Partisan Censors Strike Back: A 21st Century Campaign Contribution to Biden

October 17th, 2020 4:21 PM

Now they’ve done it.

In the category of playing it too cute by half, Facebook and Twitter, both of which made a point of silencing The New York Post bombshell about e-mails from Hunter Biden’s abandoned laptop, have now opened themselves to a blunt charge of violating campaign contribution laws.

Here’s the headline from Fox: "RNC files FEC complaint against Twitter, claims company made 'illegal in-kind contribution' to Biden campaign." 

The story said: 

EXCLUSIVE: The Republican National Committee (RNC) on Friday filed a complaint with the Federal Election Commission (FEC) alleging that the censorship of the New York Post article about Hunter Biden’s overseas business dealings and former Vice President Joe Biden’s alleged knowledge of those dealings amounts to an “illegal corporate in-kind political contribution” to the Biden campaign, Fox News has learned.”

And shortly after this was reported came this …ahhhhh…Twitter policy change. Here’s the headline from The Washington Times: "Twitter changes policies after criticism for restricting anti-Biden content. 'Straight blocking of URLs was wrong, and we updated our policy,' CEO Jack Dorsey said." 

This jewel of a “hand caught in the cookie jar” story says this: 

“Twitter changed its ‘hacked materials policy’ in response to mounting criticism after the policy was enforced against users sharing anti-Biden content online.... Twitter is no longer redirecting users away from the news publication’s Wednesday story.

…Vijaya Gadde, Twitter legal, policy and trust & safety lead, said Thursday evening that the company is ‘no longer limited to Tweet removal as an enforcement action’ and may choose instead to apply labels to tweets the company deems inappropriate.

‘We believe that labeling Tweets and empowering people to assess content for themselves better serves the public interest and public conversation,’ Ms. Gadde tweeted on Thursday. ‘The Hacked Material Policy is being updated to reflect these new enforcement capabilities.’”

Not to be rude but, as kids would say, “well….duh!”

Let’s cut to the chase here.

What America has just seen displayed by Facebook and Twitter is the umpteenth example of leftist state media bias, carried out to the max. 

It is the ultimate example of what happens when the left-wingers who live in their own liberal bubble are literally clueless about how they have allowed their lefty politics to lead them down a path of extremism. Led them to the point that they are completely willing to censor and silence a major American newspaper’s decidedly major scoop —  all for the self-evident reason of protecting the liberal candidate of the moment —  Joe Biden.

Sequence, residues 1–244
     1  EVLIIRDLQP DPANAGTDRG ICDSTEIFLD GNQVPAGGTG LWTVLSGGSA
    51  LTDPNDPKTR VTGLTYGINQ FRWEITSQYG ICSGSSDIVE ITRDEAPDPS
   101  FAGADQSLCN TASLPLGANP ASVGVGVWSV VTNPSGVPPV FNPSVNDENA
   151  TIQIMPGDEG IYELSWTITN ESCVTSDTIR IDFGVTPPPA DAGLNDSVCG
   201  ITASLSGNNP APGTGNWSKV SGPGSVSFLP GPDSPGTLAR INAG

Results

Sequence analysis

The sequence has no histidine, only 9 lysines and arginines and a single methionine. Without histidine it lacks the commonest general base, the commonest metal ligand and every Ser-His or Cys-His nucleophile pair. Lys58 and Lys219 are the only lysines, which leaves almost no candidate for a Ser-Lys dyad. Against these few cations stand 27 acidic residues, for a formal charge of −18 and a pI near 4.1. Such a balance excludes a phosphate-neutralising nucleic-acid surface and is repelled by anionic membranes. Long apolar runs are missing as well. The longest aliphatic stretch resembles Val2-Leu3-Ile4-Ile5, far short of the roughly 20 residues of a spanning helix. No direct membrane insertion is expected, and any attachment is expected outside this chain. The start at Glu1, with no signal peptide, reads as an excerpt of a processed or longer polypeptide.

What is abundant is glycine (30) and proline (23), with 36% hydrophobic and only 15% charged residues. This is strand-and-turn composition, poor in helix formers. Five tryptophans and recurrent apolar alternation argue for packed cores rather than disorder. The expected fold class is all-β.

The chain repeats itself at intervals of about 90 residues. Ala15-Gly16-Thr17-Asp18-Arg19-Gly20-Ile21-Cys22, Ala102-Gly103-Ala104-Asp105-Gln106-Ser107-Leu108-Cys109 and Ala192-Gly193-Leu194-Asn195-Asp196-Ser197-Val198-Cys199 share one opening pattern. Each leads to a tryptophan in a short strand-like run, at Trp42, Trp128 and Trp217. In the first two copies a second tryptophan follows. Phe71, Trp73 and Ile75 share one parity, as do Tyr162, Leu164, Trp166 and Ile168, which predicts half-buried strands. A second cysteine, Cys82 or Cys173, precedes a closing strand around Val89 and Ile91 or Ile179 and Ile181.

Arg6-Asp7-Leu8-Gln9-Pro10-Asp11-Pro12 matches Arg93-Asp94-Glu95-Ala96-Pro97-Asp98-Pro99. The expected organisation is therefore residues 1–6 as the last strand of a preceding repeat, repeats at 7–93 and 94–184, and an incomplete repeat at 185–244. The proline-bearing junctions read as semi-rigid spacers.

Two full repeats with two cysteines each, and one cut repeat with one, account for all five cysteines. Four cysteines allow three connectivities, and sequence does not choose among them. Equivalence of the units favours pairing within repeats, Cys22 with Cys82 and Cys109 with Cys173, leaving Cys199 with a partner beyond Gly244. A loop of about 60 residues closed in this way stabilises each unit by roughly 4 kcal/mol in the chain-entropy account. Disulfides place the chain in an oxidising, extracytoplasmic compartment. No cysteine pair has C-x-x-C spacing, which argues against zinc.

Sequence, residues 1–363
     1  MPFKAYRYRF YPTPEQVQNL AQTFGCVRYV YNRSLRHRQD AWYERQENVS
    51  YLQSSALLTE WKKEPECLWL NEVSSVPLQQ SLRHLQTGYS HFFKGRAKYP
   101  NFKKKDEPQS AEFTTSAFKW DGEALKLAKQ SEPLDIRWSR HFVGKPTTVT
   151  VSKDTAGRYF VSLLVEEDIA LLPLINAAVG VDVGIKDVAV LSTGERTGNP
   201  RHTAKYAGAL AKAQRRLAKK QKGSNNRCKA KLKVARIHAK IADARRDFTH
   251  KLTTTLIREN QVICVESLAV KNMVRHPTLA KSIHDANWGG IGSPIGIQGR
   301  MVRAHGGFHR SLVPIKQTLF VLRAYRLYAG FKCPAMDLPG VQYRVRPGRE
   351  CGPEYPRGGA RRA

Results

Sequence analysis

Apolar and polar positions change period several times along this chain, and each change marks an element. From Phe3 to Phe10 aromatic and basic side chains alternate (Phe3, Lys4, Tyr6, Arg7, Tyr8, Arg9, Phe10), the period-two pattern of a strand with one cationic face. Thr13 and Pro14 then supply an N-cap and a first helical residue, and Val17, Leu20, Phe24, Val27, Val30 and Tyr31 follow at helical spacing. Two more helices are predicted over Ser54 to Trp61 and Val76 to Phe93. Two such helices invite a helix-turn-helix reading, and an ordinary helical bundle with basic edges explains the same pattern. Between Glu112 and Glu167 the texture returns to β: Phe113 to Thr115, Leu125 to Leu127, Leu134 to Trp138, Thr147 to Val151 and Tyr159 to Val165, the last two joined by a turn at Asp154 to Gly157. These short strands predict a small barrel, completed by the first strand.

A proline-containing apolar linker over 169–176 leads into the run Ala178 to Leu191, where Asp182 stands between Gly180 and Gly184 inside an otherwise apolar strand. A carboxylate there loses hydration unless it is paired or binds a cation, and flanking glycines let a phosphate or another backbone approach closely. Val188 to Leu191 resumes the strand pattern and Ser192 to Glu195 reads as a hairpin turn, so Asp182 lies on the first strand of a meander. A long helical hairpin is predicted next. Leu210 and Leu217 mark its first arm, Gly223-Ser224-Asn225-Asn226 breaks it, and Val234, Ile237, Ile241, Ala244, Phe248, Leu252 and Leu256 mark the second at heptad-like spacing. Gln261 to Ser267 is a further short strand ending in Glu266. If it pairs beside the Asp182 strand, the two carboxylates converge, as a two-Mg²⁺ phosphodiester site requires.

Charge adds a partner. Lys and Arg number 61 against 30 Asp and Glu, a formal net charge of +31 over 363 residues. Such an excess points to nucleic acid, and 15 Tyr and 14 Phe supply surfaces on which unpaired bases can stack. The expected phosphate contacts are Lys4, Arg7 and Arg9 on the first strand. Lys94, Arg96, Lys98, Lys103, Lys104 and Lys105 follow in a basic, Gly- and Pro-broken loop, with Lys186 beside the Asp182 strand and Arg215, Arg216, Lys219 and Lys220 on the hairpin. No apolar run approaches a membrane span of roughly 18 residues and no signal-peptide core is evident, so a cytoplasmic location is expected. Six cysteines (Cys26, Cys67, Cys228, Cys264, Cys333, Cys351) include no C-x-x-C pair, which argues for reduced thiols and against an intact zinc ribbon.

Let’s take a moment and visit the Federal Election Commission’s site and their definition of “in kind contributions.” With bold print for emphasis supplied. It reads as follows: 

"An in-kind contribution is a non-monetary contribution. Goods or services offered free or at less than the usual charge result in an in-kind contribution. Similarly, when a person or entity pays for services on the committee’s behalf, the payment is an in-kind contribution. An expenditure made by any person or entity in cooperation, consultation or concert with, or at the request or suggestion of, a candidate’s campaign is also considered an in-kind contribution to the candidate.

The value of an in-kind contribution—the usual and normal charge—counts against the contribution limit as a gift of money does. Additionally, like any other contribution, in-kind contributions count against the contributor’s limit for the next election, unless they are otherwise designated.”

Got that?

What Facebook and Twitter handed the Biden campaign was a “non-monetary contribution.” No money changed hands. The biggest thing the Biden campaign needed - and needed urgently - was to somehow silence the explosive Post story as best it could. Pre-social media, the only way a campaign could do that was convince the newspaper in question the story was false and persuade it not to publish the story. Or, if that failed, to mount a serious public relations offensive that accused the story of being false or dismissed its importance.

Think back for a moment to the Watergate story. After the initial break-in by Nixon campaign operatives at the headquarters of the Democratic National Committee, then-White House press secretary Ron Ziegler dismissed the allegation of a Nixon-tie in by calling the break-in a “third-rate burglary attempt” that wasn’t worth any further comment.

What Nixon did not do —  could not do —  was literally silence The Washington Post by cancelling the subscriptions of the paper’s subscribers or impound the paper’s printing presses. (In fact, earlier in the administration Nixon had in fact tried to prevent the publication of the Pentagon Papers, taking his case all the way to the Supreme Court. He famously failed and the presses of both The Washington Post and The New York Times kept rolling with the story.)

But that was the 20th century. Social media did not exist. It does now, arguably, in the 21st century, dominating not only America but the world. And the surest way to silence social media is the obvious one —  when the Lords of Silicon Valley silence themselves.

Make no mistake. As this is written there is much talk that there is more to come on the Hunter Biden e-mails story. But almost as big a story —  if not a story with longer lasting consequences —  is of the behind-the-scenes use of Facebook and Twitter in making a contribution in-kind —  a massive contribution in-kind —  to a presidential campaign by silencing an unfavorable story that has already been published elsewhere.

 Which, in this 21st century world, would indeed appear to count as an “in-kind” contribution.